Music
AirJamz turns air guitar wizards into rockers with a flick of the wrist

editors-choiceTom Cruise may have brought the risky business of air guitar playing in tightey-whiteys into the limelight back in the early ’80s. But today, the usually frivolous activity has a governing body and an annual championship in the U.S.

Now, the one activity that didn’t need a device to go with it finally has one: the AirJamz wearable. The strap works by combining a gyroscope to help translate pantomime shredding from movement to sound using its companion app. Two modes offer differing experiences: Music mode is a four player sandbox that allows the entire family to join in on the fun, while Guitar mode offers a more robust range of motion and tighter controls for a somewhat (and that’s used loosely) more realistic strumming experience.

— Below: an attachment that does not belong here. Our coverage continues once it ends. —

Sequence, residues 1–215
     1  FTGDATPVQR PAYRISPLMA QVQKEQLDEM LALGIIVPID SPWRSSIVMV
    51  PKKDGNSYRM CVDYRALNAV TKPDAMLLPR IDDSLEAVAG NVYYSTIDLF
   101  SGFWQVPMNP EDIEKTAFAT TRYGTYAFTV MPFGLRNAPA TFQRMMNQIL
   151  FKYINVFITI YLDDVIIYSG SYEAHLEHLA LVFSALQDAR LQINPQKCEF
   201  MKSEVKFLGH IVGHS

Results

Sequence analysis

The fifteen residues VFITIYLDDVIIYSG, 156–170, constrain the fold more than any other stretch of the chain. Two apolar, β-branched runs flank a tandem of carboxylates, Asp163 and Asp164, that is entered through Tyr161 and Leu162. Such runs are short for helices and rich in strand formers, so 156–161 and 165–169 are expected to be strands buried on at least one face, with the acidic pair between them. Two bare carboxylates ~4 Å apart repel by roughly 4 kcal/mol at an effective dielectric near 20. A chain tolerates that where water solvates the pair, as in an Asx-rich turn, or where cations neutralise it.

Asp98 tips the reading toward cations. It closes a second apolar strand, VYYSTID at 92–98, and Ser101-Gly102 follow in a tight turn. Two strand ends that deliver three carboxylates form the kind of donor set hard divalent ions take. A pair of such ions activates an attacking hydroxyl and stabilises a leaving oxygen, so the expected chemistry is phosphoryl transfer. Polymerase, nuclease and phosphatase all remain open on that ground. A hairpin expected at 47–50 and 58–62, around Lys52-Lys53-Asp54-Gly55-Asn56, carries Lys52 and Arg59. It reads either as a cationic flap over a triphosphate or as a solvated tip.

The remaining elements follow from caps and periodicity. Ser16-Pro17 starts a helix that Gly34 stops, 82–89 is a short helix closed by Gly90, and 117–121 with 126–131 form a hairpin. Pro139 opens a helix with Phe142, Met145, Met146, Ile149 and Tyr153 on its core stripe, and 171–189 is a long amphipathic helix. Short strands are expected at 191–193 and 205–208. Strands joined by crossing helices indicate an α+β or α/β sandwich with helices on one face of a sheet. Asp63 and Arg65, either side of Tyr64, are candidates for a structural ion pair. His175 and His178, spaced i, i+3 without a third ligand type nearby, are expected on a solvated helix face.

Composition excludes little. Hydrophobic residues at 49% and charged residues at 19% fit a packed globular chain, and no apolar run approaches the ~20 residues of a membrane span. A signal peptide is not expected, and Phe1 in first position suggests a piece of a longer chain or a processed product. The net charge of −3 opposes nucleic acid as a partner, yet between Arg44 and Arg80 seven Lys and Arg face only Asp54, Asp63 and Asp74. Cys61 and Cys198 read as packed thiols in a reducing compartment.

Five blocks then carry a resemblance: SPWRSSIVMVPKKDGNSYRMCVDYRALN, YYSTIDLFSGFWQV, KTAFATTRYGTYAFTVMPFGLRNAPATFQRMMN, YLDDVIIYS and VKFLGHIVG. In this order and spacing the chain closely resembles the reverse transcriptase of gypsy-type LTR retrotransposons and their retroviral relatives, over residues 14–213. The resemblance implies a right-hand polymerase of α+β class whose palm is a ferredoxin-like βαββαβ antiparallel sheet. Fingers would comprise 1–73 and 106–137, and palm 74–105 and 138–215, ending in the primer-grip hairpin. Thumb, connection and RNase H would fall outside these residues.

Unlike Zivix’ previous products, the AirJamz offers neither education nor much utility.But for $59, it delivers a fair degree of fun and entertainment. gets potential rockers an AirJamz and a Bluetooth speaker by August 2016. But its $30,000 by May 18th, 2016.

As with guitar-playing video games, one key to keeping AirJamz’ novelty from wearing off quickly will be maintaining its library. The Moff children’s band is another band that attaches sounds to movements, only this band is surprisingly more versatile than AirJamz in how many sounds it can generate. Still, the AirJamz app adds a lot more to the experience where there previously wasn’t anything at all. If you’re looking to actually learn guitar while furiously strumming air, try the Kurv instead.

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